The use of 3D prints in retail environments is just the beginning of a journey toward the new manufacturing and marketing paradigm for skiwear maker Bogner.

With the help of German artist and designer Dirk Bonn, Bogner is on the leading edge among retailers and marketers utilizing 3D printing technology to reach out to consumers and advertisers to get their messages across.

"The next step would naturally be to create a retail printer that would allow customers to print their shirt directly in the store," Bonn said. "But we'll probably have to wait a bit until that comes true."

Bogner recently used 3D prints of its products to showcase the company's Bogner Fire+Ice anniversary collection at trade shows and in retail settings. Whereas the traditional way to handle those sorts of presentations would be to hang the 14 sweatshirt they were rolling out on mannequins or models, Bogner has produced miniature 3D models of their line for display. Each in its own custom-made cabinet, the 3D prints of the new line were showcased as small electronic motors rotated the pieces to give customers a peek at them from all sides.

The installation was the brainchild of advertising firm Kemmler Kemmler, and the company reached out to Bonn to create the models and the installation.

Kemmler Kemmler Creative Director, Katharina Kemmler, said 3D printing had a wide range of virtues as a system to deliver the Bogner collection to buyers.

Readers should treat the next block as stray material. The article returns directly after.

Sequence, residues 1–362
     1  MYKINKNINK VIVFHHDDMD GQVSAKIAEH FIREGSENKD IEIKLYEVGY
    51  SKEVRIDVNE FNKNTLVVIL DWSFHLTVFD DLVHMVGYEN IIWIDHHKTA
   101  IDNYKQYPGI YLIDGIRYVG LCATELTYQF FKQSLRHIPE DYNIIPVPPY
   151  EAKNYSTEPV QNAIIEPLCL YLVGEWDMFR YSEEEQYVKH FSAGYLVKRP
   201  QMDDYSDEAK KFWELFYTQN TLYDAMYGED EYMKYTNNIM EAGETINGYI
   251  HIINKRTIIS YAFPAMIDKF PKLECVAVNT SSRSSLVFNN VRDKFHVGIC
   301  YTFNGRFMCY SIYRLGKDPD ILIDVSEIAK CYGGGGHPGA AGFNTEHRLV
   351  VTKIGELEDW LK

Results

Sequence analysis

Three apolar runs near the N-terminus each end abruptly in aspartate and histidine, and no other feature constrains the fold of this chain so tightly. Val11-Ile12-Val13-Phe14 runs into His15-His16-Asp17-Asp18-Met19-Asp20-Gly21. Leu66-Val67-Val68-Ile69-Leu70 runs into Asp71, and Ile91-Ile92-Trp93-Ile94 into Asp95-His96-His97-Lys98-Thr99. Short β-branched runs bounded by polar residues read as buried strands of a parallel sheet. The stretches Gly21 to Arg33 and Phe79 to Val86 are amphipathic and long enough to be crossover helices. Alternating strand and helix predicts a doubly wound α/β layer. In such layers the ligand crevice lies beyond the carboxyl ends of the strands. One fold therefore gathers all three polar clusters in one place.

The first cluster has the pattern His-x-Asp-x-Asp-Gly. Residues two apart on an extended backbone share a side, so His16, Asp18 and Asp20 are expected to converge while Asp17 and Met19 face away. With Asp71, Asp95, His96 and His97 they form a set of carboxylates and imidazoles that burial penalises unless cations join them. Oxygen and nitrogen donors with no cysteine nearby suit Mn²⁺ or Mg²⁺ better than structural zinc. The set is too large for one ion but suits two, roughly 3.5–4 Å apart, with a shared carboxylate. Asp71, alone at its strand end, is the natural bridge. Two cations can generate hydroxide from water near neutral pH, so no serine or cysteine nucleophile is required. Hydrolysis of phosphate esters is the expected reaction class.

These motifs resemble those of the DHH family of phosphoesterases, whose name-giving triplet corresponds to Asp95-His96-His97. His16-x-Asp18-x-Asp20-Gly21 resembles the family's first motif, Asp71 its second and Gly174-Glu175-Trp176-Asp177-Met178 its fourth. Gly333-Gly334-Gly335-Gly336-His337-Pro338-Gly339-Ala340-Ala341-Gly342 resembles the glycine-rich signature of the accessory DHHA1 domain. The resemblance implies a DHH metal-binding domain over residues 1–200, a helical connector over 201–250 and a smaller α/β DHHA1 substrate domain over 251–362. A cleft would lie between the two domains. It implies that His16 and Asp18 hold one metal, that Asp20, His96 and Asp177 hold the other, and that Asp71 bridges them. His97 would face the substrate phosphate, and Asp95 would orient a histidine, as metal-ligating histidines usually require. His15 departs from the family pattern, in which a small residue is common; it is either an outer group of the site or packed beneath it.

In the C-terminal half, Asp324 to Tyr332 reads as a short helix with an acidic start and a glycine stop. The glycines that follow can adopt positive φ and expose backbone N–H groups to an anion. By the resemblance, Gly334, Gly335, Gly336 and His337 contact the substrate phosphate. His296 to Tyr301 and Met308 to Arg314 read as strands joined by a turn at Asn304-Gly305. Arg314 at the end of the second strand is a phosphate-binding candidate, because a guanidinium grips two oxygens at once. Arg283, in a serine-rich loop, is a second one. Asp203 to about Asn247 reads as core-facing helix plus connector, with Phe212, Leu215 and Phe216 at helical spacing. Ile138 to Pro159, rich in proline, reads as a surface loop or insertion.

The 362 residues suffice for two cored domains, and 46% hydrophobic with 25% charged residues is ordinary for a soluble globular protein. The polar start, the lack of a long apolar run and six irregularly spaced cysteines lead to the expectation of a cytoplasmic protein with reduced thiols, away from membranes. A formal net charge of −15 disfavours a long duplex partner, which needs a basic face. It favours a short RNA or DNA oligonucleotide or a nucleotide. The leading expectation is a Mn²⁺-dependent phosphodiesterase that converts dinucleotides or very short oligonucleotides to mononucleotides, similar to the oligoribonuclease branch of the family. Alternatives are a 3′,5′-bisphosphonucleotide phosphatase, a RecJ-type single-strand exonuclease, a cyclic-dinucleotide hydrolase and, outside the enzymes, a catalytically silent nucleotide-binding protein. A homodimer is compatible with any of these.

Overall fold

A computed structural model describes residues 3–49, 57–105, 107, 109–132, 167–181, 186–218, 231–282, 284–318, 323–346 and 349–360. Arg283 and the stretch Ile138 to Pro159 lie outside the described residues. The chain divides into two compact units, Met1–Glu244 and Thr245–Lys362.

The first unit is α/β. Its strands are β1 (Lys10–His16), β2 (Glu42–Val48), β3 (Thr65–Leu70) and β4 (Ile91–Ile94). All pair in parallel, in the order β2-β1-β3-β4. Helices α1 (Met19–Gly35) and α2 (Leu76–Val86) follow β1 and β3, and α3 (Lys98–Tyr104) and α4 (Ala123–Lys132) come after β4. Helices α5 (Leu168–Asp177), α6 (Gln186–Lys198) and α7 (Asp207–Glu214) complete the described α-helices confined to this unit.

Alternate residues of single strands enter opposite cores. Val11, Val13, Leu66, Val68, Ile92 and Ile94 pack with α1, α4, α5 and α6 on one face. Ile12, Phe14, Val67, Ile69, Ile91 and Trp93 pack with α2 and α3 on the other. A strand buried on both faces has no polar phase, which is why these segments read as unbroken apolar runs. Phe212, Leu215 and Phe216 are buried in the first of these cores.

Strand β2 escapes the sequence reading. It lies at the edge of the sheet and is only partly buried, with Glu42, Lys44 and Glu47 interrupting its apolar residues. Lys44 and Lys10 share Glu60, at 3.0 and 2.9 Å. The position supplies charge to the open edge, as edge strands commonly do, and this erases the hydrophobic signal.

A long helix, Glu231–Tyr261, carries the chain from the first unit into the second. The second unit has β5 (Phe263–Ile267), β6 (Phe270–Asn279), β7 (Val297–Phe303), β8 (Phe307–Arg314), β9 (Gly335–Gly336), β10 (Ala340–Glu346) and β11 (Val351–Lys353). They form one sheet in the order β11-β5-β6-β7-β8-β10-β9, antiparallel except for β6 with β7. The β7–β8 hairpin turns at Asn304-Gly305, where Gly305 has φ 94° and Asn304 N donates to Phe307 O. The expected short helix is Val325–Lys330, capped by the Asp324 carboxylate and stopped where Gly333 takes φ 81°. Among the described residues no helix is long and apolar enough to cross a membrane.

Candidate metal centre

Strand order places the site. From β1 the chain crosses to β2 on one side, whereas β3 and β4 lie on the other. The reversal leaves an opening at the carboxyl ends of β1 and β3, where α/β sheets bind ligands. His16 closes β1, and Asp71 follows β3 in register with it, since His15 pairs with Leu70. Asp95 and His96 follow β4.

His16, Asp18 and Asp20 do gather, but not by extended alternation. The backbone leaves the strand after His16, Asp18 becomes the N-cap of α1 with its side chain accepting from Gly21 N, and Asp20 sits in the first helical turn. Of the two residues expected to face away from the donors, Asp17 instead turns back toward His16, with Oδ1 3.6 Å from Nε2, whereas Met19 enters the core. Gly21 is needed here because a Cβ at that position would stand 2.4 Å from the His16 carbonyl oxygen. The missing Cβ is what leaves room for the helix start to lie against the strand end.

"Unlike many other current applications of 3D printing, this solution isn't just using the technology for the sake of it," Kemmler said. "It offered us a scalable and cost-effective way to showcase the multiple prints of the collection in a spectacular and fun way."

The installation was displayed during the sports fair ISPO in Munich from January 26th – 29th, and will be displayed again throughout the summer months at selected retailers. According to Kemmler, using 3D prints allowed her firm and the clothing manufacturer to prominently showcase the new line in a small space and add a playful and artistic layer to the experience for attendees.

Born in Munich, Willy Bogner, Jr., was a familiar face on the international ski scene until 1967, when he decided to begin a career in film-making. Before that, Bogner competed for the Unified Team of Germany at the 1960 Winter Olympics in Squaw Valley and managed to lead the competition in the men's slalom after the first run. A fall during his second run ended his Olympic hopes, but that same season, Bogner came back to take the prestigious Lauberhorn downhill held at Wengen, Switzerland.

Bogner worked as a cameraman on several films, perhaps the most notable series of projects coming as a result of filming the complex ski sequences in a number of James Bond films from the 1960s through to the 1980s. His work filming skiing action segments for use in On Her Majesty's Secret Service, The Spy Who Loved Me, For Your Eyes Only and A View to a Kill – led to Bond actor Roger Moore wearing Bogner ski wear. But it was the massive success of his 1980's ski film blockbuster, Fire and Ice, which ultimately drove him to create his clothing line.

To commemorate the 25th anniversary of Fire and Ice, Bogner recruited 7 artists and 7 sports stars to create a special skiwear collection inspired by his original film.